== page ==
Breaking the ice: Mount Pearl Company could help build Coast Guard’s next ship

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A Mount Pearl ship design company is partnering with a Vancouver shipyard to potentially build the next Canadian Coast Guard polar icebreaker.In an agreement announced Wednesday morning, Genoa Design International of Mount Pearl will work with Seaspan Shipyards to deliver the new vessel by 2029, when the CCGS Louis S. St-Laurent – the current heavy icebreaker – is retired after six decades of service.

The project is part of Canada’s National Shipbuilding Strategy contract awarded to Seaspan in 2011.

“The Canadian Coast Guard has said that this ship needs to be in the water by 2029,” said Gina Pecore, CEO of Genoa Design International, in an interview with Diffusion. “If we don’t have something then we don’t have year-round capacity in the north and as you know that’s essential for the country. So, to launch this ship in 2029, work must begin. in 2021. ”

Genoa has grown from 20 employees to over 220 since joining Seaspan’s supply chain in 2014. The two companies have worked together on several new vessels in Canadian waters, and Genoa has used that work to secure contracts in other countries.

“Growth will not come just from Canadian work,” Pecore said. “It also comes from leveraging Canadian work in other programs outside of Canada. ”

If Seaspan Shipyards is confirmed as the constructor of the icebreaker by the federal government, Genoa will provide the 3D modeling and production design for the program, “creating long-term sustained jobs in ocean technologies in the new economy. Newfoundland and Labrador Innovation ”.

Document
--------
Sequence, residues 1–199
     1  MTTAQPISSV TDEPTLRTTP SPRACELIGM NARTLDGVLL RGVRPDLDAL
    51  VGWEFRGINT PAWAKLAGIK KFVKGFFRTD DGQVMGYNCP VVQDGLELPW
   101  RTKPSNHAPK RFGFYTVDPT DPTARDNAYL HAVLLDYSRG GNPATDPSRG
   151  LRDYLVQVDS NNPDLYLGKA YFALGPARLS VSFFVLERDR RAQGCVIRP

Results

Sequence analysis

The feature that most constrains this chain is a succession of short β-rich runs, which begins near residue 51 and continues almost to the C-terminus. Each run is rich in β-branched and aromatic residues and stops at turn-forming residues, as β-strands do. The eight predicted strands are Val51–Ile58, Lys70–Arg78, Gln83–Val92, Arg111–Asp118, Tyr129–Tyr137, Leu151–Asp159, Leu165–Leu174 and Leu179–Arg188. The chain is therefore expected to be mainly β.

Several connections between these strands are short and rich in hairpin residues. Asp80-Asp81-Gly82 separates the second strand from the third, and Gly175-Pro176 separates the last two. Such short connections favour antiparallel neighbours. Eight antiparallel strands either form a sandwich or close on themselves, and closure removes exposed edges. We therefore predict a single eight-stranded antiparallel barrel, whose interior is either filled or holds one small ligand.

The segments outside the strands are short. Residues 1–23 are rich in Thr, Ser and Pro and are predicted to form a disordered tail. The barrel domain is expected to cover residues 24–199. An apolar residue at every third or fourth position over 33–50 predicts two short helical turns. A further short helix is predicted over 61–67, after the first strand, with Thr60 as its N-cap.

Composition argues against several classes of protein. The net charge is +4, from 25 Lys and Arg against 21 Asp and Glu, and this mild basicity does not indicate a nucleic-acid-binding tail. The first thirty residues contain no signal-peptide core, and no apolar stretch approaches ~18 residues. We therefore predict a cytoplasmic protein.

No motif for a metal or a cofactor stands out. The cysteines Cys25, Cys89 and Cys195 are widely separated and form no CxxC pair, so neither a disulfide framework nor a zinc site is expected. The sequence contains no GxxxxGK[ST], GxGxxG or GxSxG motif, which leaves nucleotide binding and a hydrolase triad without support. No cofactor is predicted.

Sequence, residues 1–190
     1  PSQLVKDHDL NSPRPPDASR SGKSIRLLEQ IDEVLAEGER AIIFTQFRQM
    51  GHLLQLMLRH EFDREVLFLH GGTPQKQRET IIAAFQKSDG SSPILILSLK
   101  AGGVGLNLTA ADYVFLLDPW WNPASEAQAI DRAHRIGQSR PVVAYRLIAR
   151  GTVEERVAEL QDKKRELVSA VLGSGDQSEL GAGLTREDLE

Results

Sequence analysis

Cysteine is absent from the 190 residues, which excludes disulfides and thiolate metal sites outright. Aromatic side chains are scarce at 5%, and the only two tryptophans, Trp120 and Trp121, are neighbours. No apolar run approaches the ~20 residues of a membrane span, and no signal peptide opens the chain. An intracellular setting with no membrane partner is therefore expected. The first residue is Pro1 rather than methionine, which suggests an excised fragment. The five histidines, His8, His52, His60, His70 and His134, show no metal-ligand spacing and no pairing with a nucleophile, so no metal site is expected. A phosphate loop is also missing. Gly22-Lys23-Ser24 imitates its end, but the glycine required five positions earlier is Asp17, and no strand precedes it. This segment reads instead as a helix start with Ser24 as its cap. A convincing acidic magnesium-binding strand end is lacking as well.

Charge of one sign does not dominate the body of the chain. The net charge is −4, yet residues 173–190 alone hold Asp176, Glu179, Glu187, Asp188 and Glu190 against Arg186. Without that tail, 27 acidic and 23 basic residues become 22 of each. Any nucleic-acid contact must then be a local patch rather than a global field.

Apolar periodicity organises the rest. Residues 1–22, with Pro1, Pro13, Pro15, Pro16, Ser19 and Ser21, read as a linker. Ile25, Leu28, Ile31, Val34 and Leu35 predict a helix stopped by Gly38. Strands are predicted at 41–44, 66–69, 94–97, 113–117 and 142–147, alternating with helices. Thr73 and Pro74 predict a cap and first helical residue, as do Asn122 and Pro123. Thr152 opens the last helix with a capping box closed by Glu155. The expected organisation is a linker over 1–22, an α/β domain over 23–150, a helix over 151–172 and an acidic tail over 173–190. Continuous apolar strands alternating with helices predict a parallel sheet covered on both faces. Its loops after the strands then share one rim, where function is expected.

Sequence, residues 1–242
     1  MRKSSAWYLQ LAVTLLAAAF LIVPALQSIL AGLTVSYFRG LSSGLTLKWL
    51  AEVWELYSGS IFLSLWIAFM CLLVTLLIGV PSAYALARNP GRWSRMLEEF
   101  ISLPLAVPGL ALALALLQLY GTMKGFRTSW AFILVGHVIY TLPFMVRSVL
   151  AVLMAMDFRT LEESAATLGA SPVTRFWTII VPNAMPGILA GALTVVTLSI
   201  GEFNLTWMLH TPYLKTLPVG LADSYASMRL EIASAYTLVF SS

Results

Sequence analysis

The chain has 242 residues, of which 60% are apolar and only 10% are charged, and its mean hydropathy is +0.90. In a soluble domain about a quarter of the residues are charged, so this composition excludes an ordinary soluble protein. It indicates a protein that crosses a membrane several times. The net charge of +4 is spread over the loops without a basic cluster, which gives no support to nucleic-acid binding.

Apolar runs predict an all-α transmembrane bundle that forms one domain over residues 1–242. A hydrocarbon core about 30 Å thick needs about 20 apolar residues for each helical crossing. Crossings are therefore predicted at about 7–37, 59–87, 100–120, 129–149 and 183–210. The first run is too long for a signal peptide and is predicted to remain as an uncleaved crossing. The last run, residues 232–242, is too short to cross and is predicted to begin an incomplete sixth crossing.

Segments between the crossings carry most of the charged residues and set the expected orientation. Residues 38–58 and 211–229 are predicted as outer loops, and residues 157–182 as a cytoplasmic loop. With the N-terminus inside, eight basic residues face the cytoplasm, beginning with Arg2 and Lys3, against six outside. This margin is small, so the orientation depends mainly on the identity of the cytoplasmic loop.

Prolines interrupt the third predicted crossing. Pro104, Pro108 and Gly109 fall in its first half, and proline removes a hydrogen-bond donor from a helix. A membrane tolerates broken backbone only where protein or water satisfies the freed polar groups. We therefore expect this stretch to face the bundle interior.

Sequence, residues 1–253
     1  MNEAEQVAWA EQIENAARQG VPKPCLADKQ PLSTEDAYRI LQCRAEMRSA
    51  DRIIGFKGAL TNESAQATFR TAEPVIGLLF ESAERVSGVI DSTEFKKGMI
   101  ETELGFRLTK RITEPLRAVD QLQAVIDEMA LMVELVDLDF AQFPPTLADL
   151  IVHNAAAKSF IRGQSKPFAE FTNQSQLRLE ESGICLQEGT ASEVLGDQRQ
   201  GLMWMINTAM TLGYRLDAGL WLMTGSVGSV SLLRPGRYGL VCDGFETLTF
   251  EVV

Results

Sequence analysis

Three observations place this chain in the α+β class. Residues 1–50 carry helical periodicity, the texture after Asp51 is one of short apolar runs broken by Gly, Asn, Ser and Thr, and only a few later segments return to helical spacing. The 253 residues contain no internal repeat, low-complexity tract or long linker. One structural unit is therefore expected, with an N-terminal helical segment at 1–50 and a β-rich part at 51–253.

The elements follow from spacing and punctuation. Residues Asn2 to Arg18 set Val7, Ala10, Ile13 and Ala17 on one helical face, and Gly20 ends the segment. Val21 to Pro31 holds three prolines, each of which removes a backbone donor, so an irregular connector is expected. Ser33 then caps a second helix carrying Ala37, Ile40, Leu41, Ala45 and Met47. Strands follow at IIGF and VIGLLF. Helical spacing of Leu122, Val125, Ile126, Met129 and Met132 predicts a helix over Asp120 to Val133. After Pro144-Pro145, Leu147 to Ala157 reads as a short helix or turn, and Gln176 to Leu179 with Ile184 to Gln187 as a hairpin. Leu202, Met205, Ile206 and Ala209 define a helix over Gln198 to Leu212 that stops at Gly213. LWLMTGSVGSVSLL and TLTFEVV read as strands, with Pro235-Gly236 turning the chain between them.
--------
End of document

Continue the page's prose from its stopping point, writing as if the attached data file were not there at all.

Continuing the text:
At a time when Newfoundland and Labrador projects net debt of $ 16.7 billion, and with many calls – and promises – to diversify its economy in light of a struggling oil and gas sector, the new agreement will help Genoa Design continue to contribute to the big picture and strengthen opportunities elsewhere, Seaspan said.

“Beyond Genoa, the National Shipbuilding Strategy and the Polar Icebreaker Program represent jobs and supply opportunities well suited to Newfoundland and Labrador’s established supply chain for the cold ocean and megaprojects, ”the company statement read.

“This is especially important now, as the provincial economy has been hit hard by both the COVID-19 pandemic and the need to diversify the economy of Newfoundland and Labrador.

The CCGS Louis S. St-Laurent will retire in 2029 after six decades of service. (Submitted by Natural Resources Canada)

According to the statement, Genoa is expected to provide around $ 30 million to the province’s gross domestic product in 2020. It will also support 220 full-time employees and generate around $ 3 million in provincial and municipal government revenue.

Newfoundland and Labrador has more than 40 laboratories and research facilities focused on research and technological development on the ocean, the Arctic and harsh environments. About 600 companies support industries that regularly operate under conditions similar to those in the Arctic.

The province is home to the Atlantic Regional Headquarters of the Canadian Coast Guard. It is also a main base for service to the Arctic and the home port of the CCGS Louis S. St-Laurent.

Pecore said the former ship deserves a lot of respect for its longevity and service to the country.

“Sixty years later, things have really changed,” she says.

“I think you really have to give a nod to the lifespan and everyone who has serviced the Louis S. St-Laurent while it has been serviced. To extend the life of the ship that long is really amazing. And I can’t imagine anyone who thought almost 60 years ago that this ship would still be in service as it is today, because a lot of changes have certainly happened. ”

Learn more about CBC Newfoundland and Labrador

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